The T-cell dependency of B-cell responses to variant surface glycoprotein (VSG) epitopes exposed in their native surface conformation on Trypanosoma brucei rhodesiense clone LouTat 1 was investigated. T-cell requirements were examined by analyses of gamma globulin preparations derived from trypanosome-infected BALB/c nude (nu/nu) and thymus-intact (nu/+) mice. A radioimmunoassay was used to selectively quantitate antibody binding to native VSG 1 epitopes present on the surface of viable trypanosomes. Such analyses of VSG-specific antibody in infected mice demonstrated that in the absence of T cells there was a significant B-cell response to exposed VSG epitopes; however, in the presence of T cells these surface epitope-specific responses were greatly enhanced. In contrast to infection, immunization of mice with purified VSG 1 or paraformaldehyde-fixed parasites elicited significant VSG surface epitope-specific responses only in the presence of T cells (i.e., in nu/+ mice only). VSG-specific antibody responses in mice infected with three other clonal T. brucei rhodesiense populations (LouTat 1.2, 1.5, and 1.9) were found to be similar in this pattern, although not identical, to the anti-LouTat 1 responses. An important exception was that mice infected with LouTat 1.8 required T cells to produce VSG surface-specific antibody. Thus, the VSG surface epitope-specific B-cell responses in trypanosome-infected mice represent composite T-cell-independent and T-cell-dependent processes, and a significantly stronger response is made in the presence of T cells. However, immunization with VSG in the absence of infection elicited only T-cell-dependent responses. Since the relative contribution of T-cell-independent and T-cell-dependent processes to the total VSG-specific antibody produced during infection was variable (as seen with the absence of a T-cell-independent response to LouTat 1.8), this may reflect differences in the primary structure or display of VSG molecules on the trypanosome membrane or may represent active parasite interference with some epitope-specific B-cell responses.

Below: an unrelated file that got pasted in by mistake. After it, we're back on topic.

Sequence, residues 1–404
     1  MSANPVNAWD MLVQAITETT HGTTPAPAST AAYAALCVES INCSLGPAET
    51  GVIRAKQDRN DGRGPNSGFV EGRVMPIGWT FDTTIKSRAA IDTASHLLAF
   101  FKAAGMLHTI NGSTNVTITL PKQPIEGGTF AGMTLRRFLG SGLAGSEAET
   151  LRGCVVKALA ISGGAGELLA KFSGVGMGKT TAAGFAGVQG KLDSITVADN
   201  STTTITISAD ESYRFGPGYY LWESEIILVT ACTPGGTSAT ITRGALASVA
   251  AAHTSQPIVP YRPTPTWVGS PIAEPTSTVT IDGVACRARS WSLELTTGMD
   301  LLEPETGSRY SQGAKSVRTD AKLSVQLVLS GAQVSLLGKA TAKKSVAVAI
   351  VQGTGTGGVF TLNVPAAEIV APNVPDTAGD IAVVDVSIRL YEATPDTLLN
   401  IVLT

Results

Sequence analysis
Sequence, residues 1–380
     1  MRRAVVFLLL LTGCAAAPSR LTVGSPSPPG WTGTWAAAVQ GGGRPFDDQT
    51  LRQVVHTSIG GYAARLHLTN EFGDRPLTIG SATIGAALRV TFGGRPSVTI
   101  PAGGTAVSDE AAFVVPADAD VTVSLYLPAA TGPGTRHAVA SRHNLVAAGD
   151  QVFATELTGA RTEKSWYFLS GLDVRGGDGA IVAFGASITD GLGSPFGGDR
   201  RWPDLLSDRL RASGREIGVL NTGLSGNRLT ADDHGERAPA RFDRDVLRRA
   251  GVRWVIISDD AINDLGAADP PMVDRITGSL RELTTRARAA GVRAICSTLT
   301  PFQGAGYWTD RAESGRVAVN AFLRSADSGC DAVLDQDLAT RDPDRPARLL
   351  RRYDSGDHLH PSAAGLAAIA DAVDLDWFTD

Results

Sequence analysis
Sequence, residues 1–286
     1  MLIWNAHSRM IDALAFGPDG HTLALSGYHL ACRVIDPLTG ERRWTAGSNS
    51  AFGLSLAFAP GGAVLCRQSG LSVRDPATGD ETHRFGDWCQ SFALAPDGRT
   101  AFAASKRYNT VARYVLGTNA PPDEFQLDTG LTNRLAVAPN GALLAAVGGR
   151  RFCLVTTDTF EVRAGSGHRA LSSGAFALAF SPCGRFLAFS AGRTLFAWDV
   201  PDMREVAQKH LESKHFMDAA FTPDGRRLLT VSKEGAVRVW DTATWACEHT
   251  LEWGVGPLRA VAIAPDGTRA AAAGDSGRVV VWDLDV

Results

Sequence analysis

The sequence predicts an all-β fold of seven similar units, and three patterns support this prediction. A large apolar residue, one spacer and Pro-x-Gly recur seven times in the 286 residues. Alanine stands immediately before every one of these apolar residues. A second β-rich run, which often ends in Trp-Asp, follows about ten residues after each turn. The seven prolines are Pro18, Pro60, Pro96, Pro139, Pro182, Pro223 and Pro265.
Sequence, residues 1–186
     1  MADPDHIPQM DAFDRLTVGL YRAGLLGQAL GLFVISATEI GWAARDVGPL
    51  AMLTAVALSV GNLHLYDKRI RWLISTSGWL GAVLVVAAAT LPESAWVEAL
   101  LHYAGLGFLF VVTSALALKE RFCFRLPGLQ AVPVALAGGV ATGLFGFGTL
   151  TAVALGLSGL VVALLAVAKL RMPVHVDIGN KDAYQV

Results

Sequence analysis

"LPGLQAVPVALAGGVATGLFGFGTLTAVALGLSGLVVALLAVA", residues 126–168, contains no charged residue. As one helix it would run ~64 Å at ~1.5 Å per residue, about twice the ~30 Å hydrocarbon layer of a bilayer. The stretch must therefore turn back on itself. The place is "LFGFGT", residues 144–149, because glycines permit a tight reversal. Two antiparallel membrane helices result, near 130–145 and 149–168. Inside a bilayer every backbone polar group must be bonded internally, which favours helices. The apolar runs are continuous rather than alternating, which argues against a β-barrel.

PMCID: PMC258817  PMID: 1694824
6.  Genetics of resistance to African trypanosomes: role of the H-2 locus in determining resistance to infection with Trypanosoma rhodesiense. 
Infection and Immunity  1981;34(2):513-518.
Susceptibility and resistance to Trypanosoma rhodesiense infections in inbred and H-2 congenic strains of mice were studied. Mean survival times and patterns of parasitemia were examined. C3HeB/FeJ mice were highly susceptible; CBA/J, A/J, and BALB/cByJ mice displayed an intermediate level of susceptibility; whereas C57BL/10 mice were highly resistant. H-2 congenic strains with the BL/10 background resembled the BL/10 parental type, thereby suggesting that the major histocompatibility complex does not play a major role in regulating resistance and susceptibility to infection with T. rhodesiense.
PMCID: PMC350897  PMID: 7309237
7.  Lymphocyte function in experimental african trypanosomiasis: mitogenic effects of trypanosome extracts in vitro. 
Infection and Immunity  1976;14(4):976-981.
Extracts of Trypanosoma brucei and Trypanosoma congolense were incubated in vitro with nonimmune lymphocytes of mice, rats, guinea pigs, and rabbits in order to test for mitogenic effects or for other characteristics of polyclonal B lymphocyte activators. Trypanosome extracts (TE) were not mitogenic for spleen cells of mice, rats, and guinea pigs in vitro, nor did the parasite extracts alter the mitogenic responses of lymphocytes from these animals to known B- and T-cell mitogens. TE also failed to induce polyclonal antibody synthesis in mouse spleen cell cultures in an in vitro antibody response system, in contrast to the effects of bacterial lipopolysaccharide, a known polyclonal B cell activator. Rabbit spleen cell and peripheral blood lymphocyte cultures, however, were stimulated by TE to undergo blastogenesis in vitro. Incubation of rabbit lymphocytes with phytohemagglutinin (PHA) and TE or anti-rabbit immunoglobulin serum and TE revealed an additive effect only in terms of the TE-plus-PHA culture responses; these findings suggest that a non-PHA responsive lymphocyte population, possibly B lymphocytes, is stimulated by TE in rabbits. The relationship of trypanosome-induced lymphocyte mitogenic stimulation to other immunological dysfunctions occurring in chronic African trypanosomiasis is discussed.
PMCID: PMC415481  PMID: 992878

Results 1-7 (7)